Thursday, September 28, 2023 5:05 am

Pollack: The fed X-factor

The Monday Morning Quarterback
A quick analysis of important economic data released over the last week

What Will the Fed Do Next?

The next Federal Open Market Committee meeting is set for September 19th and 20th. While many market watchers are hoping for a pause in rate increases, the Fed’s hawkish tone to the minutes of its July meeting is affecting the stock market and sending 10-year Treasury rates to their highest yield in two decades. The FOMC members’ previous forecast suggests that the Fed Funds rate will finish at 5.6% for 2023. That signaled to many that the July rate hike to a range of 5.25% to 5.50% might be the last.

The minutes of the last meeting show that there are sharper divisions among Fed officials than at previous meetings. Most still see a significant upside risk to inflation which could require further tightening of monetary policy. Others are advocating leaving the rates unchanged, citing potential damage to the economy and jobs if rates are increased further. By comparison, the Fed’s staff has raised the odds of a soft landing and issued a new forecast predicting no recession this year.

Some of the hawks on the Committee believe that even with a string of good inflation reports, strong GDP growth, and low unemployment, inflation could rebound. They want to reduce inflation now and pivot quickly to a looser monetary policy if they need to minimize damage. The Fed doves believe they are closer to the goal of a 2% inflation rate and therefore a pause is appropriate. The CPI data for July showed prices up 3.2% overall and 4.1% for the core rate excluding food and energy. However, that is a year-over-year reading. Comparatively, the month-over-month reading from June to July was much lower at an annualized rate of 2.0% and a core rise of just 1.9%. For the Fed doves, this indicates the Fed is doing its job.

The next release of CPI data will occur on September 13, a few days before the FOMC meeting. That reading may impact the Fed’s next steps to increase rates or pause for the time being.

U.S. Snapshot:

  • Despite recent economic news, the Conference Board Leading Economic Index continues to head in the wrong direction. The LEI declined for the 16th consecutive month signaling uncertain times for the economy in the months to come. The Coincident Economic Index (which measures the current performance of the economy) grew albeit slowly in July.
  • U.S. retail sales grew above expectations in July as more consumers purchased online and dined out. Retail sales were up 0.7% for the month and 3.2% for the year. Strong consumer spending points to growth in the third quarter.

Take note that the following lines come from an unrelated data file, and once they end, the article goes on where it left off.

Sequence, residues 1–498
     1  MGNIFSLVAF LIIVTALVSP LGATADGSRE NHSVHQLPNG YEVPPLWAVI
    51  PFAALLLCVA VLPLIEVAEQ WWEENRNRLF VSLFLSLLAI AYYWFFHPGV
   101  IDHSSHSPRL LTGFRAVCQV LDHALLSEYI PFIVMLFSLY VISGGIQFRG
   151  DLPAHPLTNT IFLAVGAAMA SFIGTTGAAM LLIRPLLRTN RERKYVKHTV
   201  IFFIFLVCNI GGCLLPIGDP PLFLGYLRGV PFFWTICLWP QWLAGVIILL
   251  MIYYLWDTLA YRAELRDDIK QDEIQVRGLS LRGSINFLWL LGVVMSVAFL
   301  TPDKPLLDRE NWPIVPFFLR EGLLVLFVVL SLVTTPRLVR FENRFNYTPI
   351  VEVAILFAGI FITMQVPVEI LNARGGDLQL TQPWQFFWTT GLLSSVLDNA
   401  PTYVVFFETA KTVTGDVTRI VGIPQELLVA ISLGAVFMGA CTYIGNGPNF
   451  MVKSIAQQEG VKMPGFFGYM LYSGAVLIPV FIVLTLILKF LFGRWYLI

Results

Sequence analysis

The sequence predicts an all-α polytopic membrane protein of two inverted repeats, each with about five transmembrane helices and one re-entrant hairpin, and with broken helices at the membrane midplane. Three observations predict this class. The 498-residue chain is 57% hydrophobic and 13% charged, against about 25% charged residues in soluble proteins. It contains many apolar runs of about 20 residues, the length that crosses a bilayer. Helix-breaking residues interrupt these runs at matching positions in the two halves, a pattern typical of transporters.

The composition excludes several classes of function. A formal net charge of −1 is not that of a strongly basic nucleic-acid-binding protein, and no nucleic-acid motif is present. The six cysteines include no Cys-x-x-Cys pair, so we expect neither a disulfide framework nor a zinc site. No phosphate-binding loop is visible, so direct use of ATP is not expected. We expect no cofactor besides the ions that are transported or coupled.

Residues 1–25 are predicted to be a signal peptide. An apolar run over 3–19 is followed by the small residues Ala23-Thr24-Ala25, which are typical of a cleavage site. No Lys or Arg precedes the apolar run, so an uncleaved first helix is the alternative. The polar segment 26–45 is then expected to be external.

• The manufacturing sector saw some growth in July. Industrial production increased 1.0% for the month following a 0.8% drop in June.
  • July showed a glimpse of how the housing market continues to adjust to the Fed’s rate hike.
  • Mortgage rates increased above 7% for the first-time last week since November. The 30-year mortgage rate was 7.09% up from 6.81% at the end of July. Higher rates and low existing inventory reduce affordability.
  • The NAHB’s Housing Market Index declined six points to 50. The new home market continues to face the problems of the cost and shortage of labor, the shortage of finished lots, and higher financing costs. This contributed to slower consumer demand bringing builders’ confidence down.
  • Housing permits increased 0.1% to a seasonally adjusted annual rate (SAAR) of 1.442 million in July. Single family permits saw an increase of 0.6%. The number of total housing starts was up 3.9% to a SAAR of 1.452 million with single family units increasing 6.7% for the month.

Arizona Snapshot:

  • Total taxable sales in Arizona were down 2.2% in June bringing the fiscal year growth to 3.6%. Maricopa similarly saw a decline of 2.7% for the month and 3.0% growth for the fiscal year.
  • According to July data, permits and new home closings appear to be at or close to balance.
  • In Greater Phoenix, both permits and new home closings were over 1,700 in July. Greater Tucson saw a similar story with both permits and closings surpassing 300.
  • The recent mortgage rate increase has eroded affordability even further. The median sales price for existing homes in Greater Phoenix declined 2.3% for the month to $425,000 as the number of existing homes sold fell nearly 18%. Greater Tucson saw similar monthly declines of 3.5% and 21.4% in existing median sales price and existing homes sold, respectively.
  • New home builders can offer different incentives to maintain or increase foot traffic at their new developments. The resale market is a different story. As inflation and interest rates come down, mortgage rates will follow, and it will become more feasible for homeowners with a low mortgage to choose to sell their current home. Once more homes become available combined with lower mortgage rates, affordability may move in a positive direction for buyers.
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August 2023